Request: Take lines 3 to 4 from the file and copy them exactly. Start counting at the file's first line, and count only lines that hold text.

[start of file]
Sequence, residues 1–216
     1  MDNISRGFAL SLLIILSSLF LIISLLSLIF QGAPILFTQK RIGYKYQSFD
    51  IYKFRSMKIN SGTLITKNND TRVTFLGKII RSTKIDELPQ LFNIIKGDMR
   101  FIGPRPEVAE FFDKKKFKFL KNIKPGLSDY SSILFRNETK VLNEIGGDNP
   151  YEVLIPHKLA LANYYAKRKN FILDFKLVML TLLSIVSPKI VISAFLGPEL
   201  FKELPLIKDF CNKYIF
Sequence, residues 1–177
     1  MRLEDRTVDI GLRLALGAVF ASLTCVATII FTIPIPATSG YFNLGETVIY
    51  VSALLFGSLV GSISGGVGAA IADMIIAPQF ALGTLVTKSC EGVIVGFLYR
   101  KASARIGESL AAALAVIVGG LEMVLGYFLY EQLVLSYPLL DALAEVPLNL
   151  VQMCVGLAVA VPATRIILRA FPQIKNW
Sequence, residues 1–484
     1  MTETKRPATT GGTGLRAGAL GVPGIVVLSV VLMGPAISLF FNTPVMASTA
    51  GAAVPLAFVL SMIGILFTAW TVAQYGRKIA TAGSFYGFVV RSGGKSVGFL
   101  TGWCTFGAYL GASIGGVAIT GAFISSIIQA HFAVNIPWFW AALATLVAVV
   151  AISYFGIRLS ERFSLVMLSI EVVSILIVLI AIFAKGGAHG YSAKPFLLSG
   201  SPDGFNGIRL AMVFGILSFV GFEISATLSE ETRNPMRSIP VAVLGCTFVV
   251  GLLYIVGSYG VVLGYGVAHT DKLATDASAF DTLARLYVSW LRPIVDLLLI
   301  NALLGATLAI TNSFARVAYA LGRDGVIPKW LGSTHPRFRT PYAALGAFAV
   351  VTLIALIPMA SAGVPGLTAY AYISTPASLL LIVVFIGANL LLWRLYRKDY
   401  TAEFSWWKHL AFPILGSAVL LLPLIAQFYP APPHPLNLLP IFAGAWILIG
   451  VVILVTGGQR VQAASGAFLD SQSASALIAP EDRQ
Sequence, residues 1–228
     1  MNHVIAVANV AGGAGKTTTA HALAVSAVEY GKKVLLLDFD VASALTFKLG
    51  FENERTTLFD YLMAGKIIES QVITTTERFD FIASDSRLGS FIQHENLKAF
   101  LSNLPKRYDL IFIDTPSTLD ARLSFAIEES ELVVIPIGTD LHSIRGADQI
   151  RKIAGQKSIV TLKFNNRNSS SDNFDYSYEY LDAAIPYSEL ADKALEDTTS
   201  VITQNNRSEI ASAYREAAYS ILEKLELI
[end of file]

    51  IYKFRSMKIN SGTLITKNND TRVTFLGKII RSTKIDELPQ LFNIIKGDMR
   101  FIGPRPEVAE FFDKKKFKFL KNIKPGLSDY SSILFRNETK VLNEIGGDNP